The democratic process has one purpose: to put people in office. Which is to say, to put people in a position where they can claim authority they do not have. They can say that they will do good with their fake authority, but they have to act as criminals while they are doing all this good. And that is the statists' victory, a victory guaranteed by the Libertarian's participation in a state-defined process.

What I can foresee is that no libertarian society will be achieved by joining the defenders of the state and collaborating with its life of the lie. I guarantee — for the reasons I gave in "Fifty Ron Pauls" — that as long as there is a government at all, there will be permanent, perpetual central planning. There will never be a laissez-faire society. There will necessarily be arbitrary laws passed. There will necessarily be intrusions into the free market. Some men will necessarily have to obey and "support" others whom they did not choose but who presume to speak for them, make decisions for them, and enact policies that may spell financial ruin for their families or death for their sons.

We know that in economics there is really no Third Way between socialism and laissez-faire. Every Third Way must lead to socialism, and every Third Way makes the same errors that socialism makes and is based on those same errors. Errors and lies.

The case is the same for politics. There is no way between true liberty and tyranny. Limited government so-called is a misguided attempt to steer between the two, and the modern state normally masquerades as the fulfillment of the dream of liberty. But even the most limited, Randian, night-watchman government is built on the same underpinning as the worst statist tyranny: the usurpation of authority. Every member of government participates in that usurpation. Every candidate for office aspires to commit acts of usurpation. Every one of them must live a lie, the lie that he possesses authority to do what he does.

Every proposal that we vote on something in a political context is a proposal that the will of some be imposed on others. As soon as someone says, "Let's vote on it," he has announced that in his opinion the desires of some should be imposed on others. What is the proper response to the person who says, "Not me. I'm not going to vote on it"? Typically, the response is, "Then your opinion will not be counted. You will have no say in the matter." What's libertarian about that?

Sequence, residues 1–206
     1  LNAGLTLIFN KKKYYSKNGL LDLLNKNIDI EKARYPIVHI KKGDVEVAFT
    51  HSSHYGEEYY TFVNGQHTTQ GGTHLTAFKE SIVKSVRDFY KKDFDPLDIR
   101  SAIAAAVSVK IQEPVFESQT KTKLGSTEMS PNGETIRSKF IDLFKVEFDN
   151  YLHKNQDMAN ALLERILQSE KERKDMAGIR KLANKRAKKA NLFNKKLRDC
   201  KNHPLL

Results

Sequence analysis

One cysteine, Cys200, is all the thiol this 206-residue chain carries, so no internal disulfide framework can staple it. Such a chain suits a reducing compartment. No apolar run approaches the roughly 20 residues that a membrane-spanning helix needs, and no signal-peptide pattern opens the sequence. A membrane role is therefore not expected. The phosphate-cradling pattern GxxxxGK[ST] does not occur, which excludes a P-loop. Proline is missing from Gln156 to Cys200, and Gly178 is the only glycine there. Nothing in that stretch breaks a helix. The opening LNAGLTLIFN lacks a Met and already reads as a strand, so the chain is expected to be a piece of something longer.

"Let's vote on it" becomes a proposition from which one cannot dissent, a proposition that one cannot oppose. The statist says "Let's vote on it," and the lover of liberty has to go along with the statist, according to Mr. Hornberger.

Anyone who is satisfied with the existence of a government — any government — and who endorses the electoral process to determine the personnel of that government has given up permanently on the idea of a laissez-faire society. He has declared himself satisfied with a halfway measure. The true liberty-lover may as well go bike-riding, if the 70 percent LP members in Congress will let him.

So much for what I can foresee.

***

It is better to desire true liberty and to speak out for it, to defend it, to explain it, and to argue for it — even if it is highly unlikely that you will ever live to see it — than to settle for this political Third Way. It is better to hold the vision of true liberty and to be true to it than to settle for the folly of endorsing the one institution that has been liberty's most implacable foe for all of history.

I have often said in my writings for The Last Ditch that I do not know how to fight the state, that I do not know how liberty can ever be realized. I appreciate the compliment that I ought to, and that until Ronn Neff shows everyone the way, they're all just going to keep spending their time in ballot-access campaigns and struggling with all their might to become the nominee for a party that can barely get 1 percent of the vote in a gubernatorial campaign; they are all going to keep collaborating with the state and its premises and lies.

But you all mustn't wait for me. I need the help of dozens and dozens of other men who will think about this subject; who will debate various methods, strategies, and tactics that none of us has yet thought of and try them; whose genius, insights, and talents will not be squandered in the defense of the state and its civil rights. There are plenty of people to serve that false liberty, that Vichy liberty. It is real liberty that stands in need of hearts and minds and hands. No libertarian who reads my words is needed to carry out the work of the chimerical limited state and its political parties and false liberty. Your work for it, your talent, and above all your vote are superfluous. They can all get along without you. They have been getting along without you for centuries.

The real work in the service of true liberty stands in need of you, and I keep calling out to you to join the most basic political struggle.

I can foresee that true liberty can never be won as long as countless libertarians fall for the lies of Vichy libertarianism.

But I can also foresee that men can be sane. And that by speaking the truth and defending it in spite of the desperate odds, there can still be sane men and there will probably always be sane men. It is those sane men who will achieve liberty if ever the time and conditions are right. If I can add to their number, it may be that I will have to be satisfied with that: "At present nothing is possible except to extend the area of sanity little by little. We cannot act collectively. We can only spread our knowledge outwards from individual to individual." (1984) But one does not extend the area of sanity, one does not add to the number of sane men by voting them into a position where they must live the life of a lie.